What is Making Tax Digital?
From April 2019, businesses that are registered for VAT and have turnover above the VAT threshold of £85,000 will be required to keep digital accounting records and file VAT returns using Making Tax Digital compliant software. While this is still 5 months away, it is important to begin making any necessary changes to ensure that you are fully prepared by next April.
If your turnover is below the VAT threshold of £85,000, then you will initially be exempt from Making Tax Digital reporting, even if you have chosen to register for VAT voluntarily. This exemption may be removed from 2020 or later, so it is still worth starting to prepare your business.
Making Tax Digital
Making Tax Digital (MTD) is the most fundamental change to the way the tax system works for at least 20 years.
The essential elements for businesses and landlords are:
- Paper records will no longer be sufficient. It will become mandatory for almost all businesses and landlords (self-employed, partnerships and limited companies) to use software or a spreadsheet to keep accounting records. Paper accounting records will cease to meet the requirements of tax law.
- Quarterly reporting. There will be a requirement to submit updates to HMRC each quarter, directly from accounting software, within one month of the end of each quarter.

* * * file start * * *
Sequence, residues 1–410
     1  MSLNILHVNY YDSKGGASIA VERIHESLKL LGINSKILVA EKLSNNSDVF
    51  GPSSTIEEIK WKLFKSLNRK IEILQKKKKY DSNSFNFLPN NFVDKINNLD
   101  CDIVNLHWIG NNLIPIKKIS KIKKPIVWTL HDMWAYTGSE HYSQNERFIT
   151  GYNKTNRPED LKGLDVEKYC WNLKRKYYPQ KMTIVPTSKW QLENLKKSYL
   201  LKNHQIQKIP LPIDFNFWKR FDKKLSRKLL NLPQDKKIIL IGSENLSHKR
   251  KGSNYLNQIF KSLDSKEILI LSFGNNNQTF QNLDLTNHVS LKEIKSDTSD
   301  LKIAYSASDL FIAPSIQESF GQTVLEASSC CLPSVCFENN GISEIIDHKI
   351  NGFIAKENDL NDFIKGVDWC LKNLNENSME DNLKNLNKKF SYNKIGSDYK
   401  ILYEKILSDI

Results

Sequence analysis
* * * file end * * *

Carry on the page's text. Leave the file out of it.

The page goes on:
The changes are so fundamental that it will be necessary to have a complete review of your current record keeping systems. You may also need to think about what you decide to do yourself and what you wish to outsource to an accountant.
When does it start?
If your business is registered for VAT and your turnover is above the £85,000 threshold for VAT registration, you will be required to keep digital accounting records and to file your VAT returns using MTD compatible software from April 2019. If you are already filing online VAT returns outside of the MTD pilots, this will no longer meet the requirements. Pilots of MTD for VAT started in April 2018 and have recently been opened up for “businesses whose affairs are up to date and straightforward”.
Income Tax: The self-employed, partnerships, trusts and landlords who complete Self Assessment tax returns.
MTD is expected to become mandatory for income tax reporting at some point in the future, but not before at least 2020. Pilots of MTD for income tax started on a small scale in April 2017 and will be rolled out to businesses who wish to participate in the coming months. Expect to hear more about MTD for income tax next year, depending on the success of the MTD for VAT rollout.
Corporation Tax (limited companies)
The timings of MTD for corporation tax have not yet been confirmed, but it will not become mandatory before April 2020 at the earliest.
What are the exemptions?
HMRC have announced that some taxpayers will initially be deferred from MTD for VAT for six months due to the complexity involved in their VAT returns. The following will only be required to submit via MTD from 1 October 2019 onwards:
- ‘Not for profit’ organisations that are not set up as a company;